Thank you for another most interesting problem in
probability/statistics. It sounds like the professor is choosing
unusually interesting problems actually.
Anyway, let's begin with some terminology (and of course, please
remember to please ask for clarification if anything is unclear).
I will interpret the word "amax" to mean "a * max" here, for some
positive constant real number a.
We are given a random variable X uniformly distributed from 0 to
theta.
We are given a positive integer constant n.
We are given two other random variables:
Y= 2*(x_1+x_2+...+x_n)/n
and
Z=a*max(x_1,...,x_n)
where each x_i is independently distributed according to X.
In words, for example, to compute Z we think of randomly drawing n
numbers from 0 to theta, taking their max, then
multiplying the result by a. We want to find the mean and standard
deviation of the resulting numbers.
We also define the random variables:
W=max(x_1,...,x_n)
---------------------------------
Part 1)
We want to find an a such that Z is and unbiased estimate of theta.
An unbiased estimate means that E(Z)=theta .
In other words, if we do the experiment I mentioned above a bunch of
times, we should get theta.
To do this, we will begin by computing the probability density
function of W .
We will do that by first computing the probability DISTRIBUTION of W,
then differentiating the
distribution to get the density. (Recall the fact of probability that
the derivative of distribution is density).
Now the probability distribution of W is
F(z) = P(W<=z)
for some real number z.
It is easy to compute this manually:
F(z)
=P(W<=z)
=P(max(x_1,...,x_n))<=z
0 if z<=0
(z/theta)^n if 0<=z<=theta
1 if z>=theta
Hence, the probability density for W, f, is the derivative:
f(z)=
F'(z)=
n/theta^n * z^{n-1} if 0<=z<=theta
0 otherwise
Now that we have the probability density, we can compute the
expectation:
E(W)
=Integral from z= 0 to theta of z f(z)
=Integral n/theta^n z^n
= n/(n+1) * theta
Hence,
E(Z)=E(aW)=a E(W)=
a*n/(n+1) * theta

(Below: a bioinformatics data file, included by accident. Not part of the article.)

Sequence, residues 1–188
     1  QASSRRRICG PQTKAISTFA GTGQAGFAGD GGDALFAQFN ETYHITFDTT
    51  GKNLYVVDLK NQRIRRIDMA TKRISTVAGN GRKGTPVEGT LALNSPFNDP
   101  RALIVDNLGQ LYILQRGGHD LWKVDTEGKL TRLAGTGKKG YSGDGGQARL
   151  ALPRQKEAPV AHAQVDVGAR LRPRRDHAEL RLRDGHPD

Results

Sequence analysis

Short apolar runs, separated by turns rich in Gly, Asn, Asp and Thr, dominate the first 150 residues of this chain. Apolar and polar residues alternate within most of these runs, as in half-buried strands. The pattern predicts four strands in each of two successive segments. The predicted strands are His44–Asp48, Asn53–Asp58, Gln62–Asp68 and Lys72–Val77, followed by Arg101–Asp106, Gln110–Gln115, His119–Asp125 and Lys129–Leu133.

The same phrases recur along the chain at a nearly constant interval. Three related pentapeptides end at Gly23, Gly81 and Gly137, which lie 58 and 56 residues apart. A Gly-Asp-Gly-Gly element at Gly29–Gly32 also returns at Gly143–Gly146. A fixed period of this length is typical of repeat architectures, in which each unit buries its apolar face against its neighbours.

The estimate E(Z) for theta is unbiased if this value equals theta:
E(Z)=theta
if and only if a=(n+1)/n .
Hence, the value for a that produces an unbiased estimate for theta is
a= (n+1)/n
By the way, I wrote a simple Java progam to test it.
If you know Java or have it installed, here it is:
public class MaxMean{
public static void main(String[] args){
int n=Integer.parseInt(args[0]);
double a= (double)(n+1)/(double)n;
double theta=Double.parseDouble(args[1]);
int iterations=1000000;
if (args.length>2)iterations=Integer.parseInt(args[2]);
System.out.println("Starting trials: n: "+n+"\ntheta:
"+theta+"\niterations: "+iterations);
double sum=0; //sum of all the values so far
for (int i=0;i<iterations;++i){
double max=-1;
for (int j=0;j<n;++j)
max=Math.max(max,Math.random()*theta);
sum+=a*max;
}
System.out.println("Mean of the distribution Z was:
"+sum/iterations);
}
}
A sample run was:
java MaxMean 3 8 100000
Starting trials: n: 3
theta: 8.0
iterations: 100000
Mean of the distribution Z was: 8.004283746090845
-----------------------------------------------------------------------
Part 2)
I am not sure here whether you wanted the standard deviation of the
computation for both methods of estimating theta or just the second,
so I will compute the standard deviation for both methods, that is,
the standard deviation of Y and of Z.
Part 2a: the standard deviation of Y
The standard deviation is the square root of the variance.
So let us start by computing the variance of the first method of
estimating theta.
Fact 1:
if A and B are independent random variables then:
var(A+B)=var(A)+var(B)
fact 2:
var(a*A)=a^2 var(A)
Hence,
var(Y)= var (2/n* (X+X+X+X...+X))
= 4/n^2 * n * var(X)
= 4 var(X) /n .
Now the variance X is defined as E(X^2)-E(X)^2 .
E(X^2)= integral from 0 to theta x^2/theta = theta^3/(3*theta)=
theta^2/3 .
Clearly E(X) = theta/2.
Hence, var(X)=theta^2/3-theta^2/4 =theta^2/12
Thus, var(Y)=(4/n)*theta^2/12 = (theta^2)/(3n)
The standard deviation of the first method of estimating theta is
therefore the square root of this, or
sd(Y)
=sqrt(theta^2/(3n))
Part 2b: the standard deviation of Z
Now we compute the standard deviation of the the second method of
estimating theta.
Recall that Z=a*max(x_1,...,x_n)
We assume here that a is chose as above so the estimate is unbiased:
a=(n+1)/n
Then the mean of Z, E(Z)=theta, from part 1.
Let W=max(x_1,...,x_n).
What is E(W^2) ?
We know from part 1 that the probability density f(z) for W is
n/theta^n * z^{n-1}
Hence,
E(W^2)=integral from 0 to theta of (z^2 f(z) dz)
= integral from 0 to theta of z^2 n/theta^n * z^{n-1}
= integral from 0 to theta of n/theta^n z^(n+1)
= n/((n+2)*theta^n) theta^(n+2)
= n/(n+2) * theta^2
Now we know that E(aW)=theta from part 1.
Hence, var(Z)=var(aW)=E((aW)^2)-E(aW)^2
= a^2 E(W^2)-theta^2
a^2 theta^2 n
------------- - theta^2
n+2
Let's use the unbiased estimate for a, a=(n+1)/n from part 1.
Then the last formula is
(n+1)^2 theta^2 n
----------------- - theta^2
(n+2)n^2
=
(n+1)^2
theta^2 * ( ---------- - 1 )
(n+2)*n
This can be simplified to
theta^2
-------
n(n+2)
the standard deviation is the square root of this, or
s.d.(Z)
theta
= --------
sqrt(n(n+2))
3)
Now we have two find out which way is better. Well, I think one would
want to choose the method
with the smallest standard deviation. So we compare them.
The first method is better if and only if the standard deviation of
first method is smaller than sd of second method,
or if and ony if,
theta/(sqrt(3n)) < theta /sqrt(n(n+2))
which is true if an only if
n^2+2n < 3n
n^2 < n
This is never true. Or, for n=1, both methods are the same, and for
all other n, the second method is preferable. |